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Being Thankful, Looking Back Over 16 Years

It’s that time of year so many of us look forward to; celebrating with our family and friends around the dinner table, and thinking through how to hide those presents we’ll be giving out soon. It’s also that time when I look back and reflect on how Bridge360 became 16 years old last month.
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Fake News – Java is Dead!

Roger FrechBy Roger Frech, Senior Software Engineer

“Java is Dead”, “Java is Dying”, “Java is Obsolete” and other variations on the meme of Java mortality appear frequently on line in the IT “press”.  These are click-bait, intended to draw your attention to a headline, or get some cheap SEO.  For the more complex and nuanced truth about trends in Java usage – look beyond opinions for evidence.

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VPN = Virtual Productivity is NONSTOP!

By James Cavazos, Senior Performance Test Engineer

In most tech companies, it has become commonplace to have VPN access to allow for working remotely. This can allow for greater productivity and flexibility for employees should they need to work from home or during business trips. It can also lead to some drawbacks. If you are not careful you could see a lot of your time-off spent doing work to the point that it feels like you never left the office. This can be especially difficult for workaholics and people with mindsets that can’t leave things unfinished.

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A Practical Look at Go, Part 1

By Ken Walker Senior Software Engineer

About two years ago, I was working on a project written in the Go language. Go was originally developed by Google in 2007 for internal use, but was later released (open source) for general use. The project I was on was a large enterprise-wide service that collected large amounts of data (and did it well). This article introduces some of the interesting aspects of the language that might entice you to consider it for your own use, while pointing out a few things of which to be aware if you do.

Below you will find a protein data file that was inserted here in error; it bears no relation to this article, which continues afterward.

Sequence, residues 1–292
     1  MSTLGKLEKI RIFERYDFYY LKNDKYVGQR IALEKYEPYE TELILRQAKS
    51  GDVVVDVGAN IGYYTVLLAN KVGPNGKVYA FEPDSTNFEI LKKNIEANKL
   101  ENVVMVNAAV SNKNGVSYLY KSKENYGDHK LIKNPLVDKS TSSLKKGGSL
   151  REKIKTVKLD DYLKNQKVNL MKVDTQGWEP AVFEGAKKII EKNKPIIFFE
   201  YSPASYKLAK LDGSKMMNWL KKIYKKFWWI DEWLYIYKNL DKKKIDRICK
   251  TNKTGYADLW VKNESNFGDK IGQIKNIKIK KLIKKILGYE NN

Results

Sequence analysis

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The State of Being Secure: A Primer on Security in your Organization

Karel Gonzalezby Karel Gonzalez, Senior Software Engineer

A few weeks ago, I had the opportunity to attend the Lonestar Application Security Conference here in Austin. Security is something I have always been mindful of during my development, but I still felt a sense of futility about it. I ask myself on a fairly regular basis “I’m doing something, but am I doing enough?” Continue reading


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Continued Education: Whose Responsibility Is it – Employer or Employee?

by Phil Smith, Vice President Client Services

PhilThere is a large volume of material circulating on the Internet, providing philosophical approaches to lifelong learning for individuals. The concept of “continuous learning”, as it applies to the workplace, tends to revolve around these two generally accepted definitions:

  1. “Ongoing learning process that seeks to incorporate the lessons learnt (from the results of already implemented changes) into a continuous improvement program” (http://www.businessdictionary.com/definition/continuous-learning-activity.html), and…
  2. “Total quality philosophy in which every process and system in a firm is subject to constant scrutiny to (1) eliminate waste, (2) reduce response time, and (3) simplify process or product design” (http://www.businessdictionary.com/definition/continuous-improvement-program.html).

These links will take you back to the core concept that organizations must base their manufacturing and/or services on processes, and that once established, processes must always be under formal measurement, scrutiny, and improvement. If you are in a knowledge-based industry, such as software engineering and quality, then you have to extend the concept into your training program. Training must be viewed as a process and must always be improving. This applies to your own skill set as well—it’s not just about process capability, but also about people capability.